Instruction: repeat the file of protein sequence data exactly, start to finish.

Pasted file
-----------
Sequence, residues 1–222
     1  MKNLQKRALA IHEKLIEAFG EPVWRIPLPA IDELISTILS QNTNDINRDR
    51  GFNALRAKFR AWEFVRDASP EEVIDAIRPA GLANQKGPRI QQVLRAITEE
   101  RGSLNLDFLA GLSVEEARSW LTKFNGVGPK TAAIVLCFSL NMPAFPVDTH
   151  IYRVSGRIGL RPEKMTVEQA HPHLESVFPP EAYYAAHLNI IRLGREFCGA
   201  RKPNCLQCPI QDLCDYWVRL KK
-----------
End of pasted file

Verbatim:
Sequence, residues 1–222
     1  MKNLQKRALA IHEKLIEAFG EPVWRIPLPA IDELISTILS QNTNDINRDR
    51  GFNALRAKFR AWEFVRDASP EEVIDAIRPA GLANQKGPRI QQVLRAITEE
   101  RGSLNLDFLA GLSVEEARSW LTKFNGVGPK TAAIVLCFSL NMPAFPVDTH
   151  IYRVSGRIGL RPEKMTVEQA HPHLESVFPP EAYYAAHLNI IRLGREFCGA
   201  RKPNCLQCPI QDLCDYWVRL KK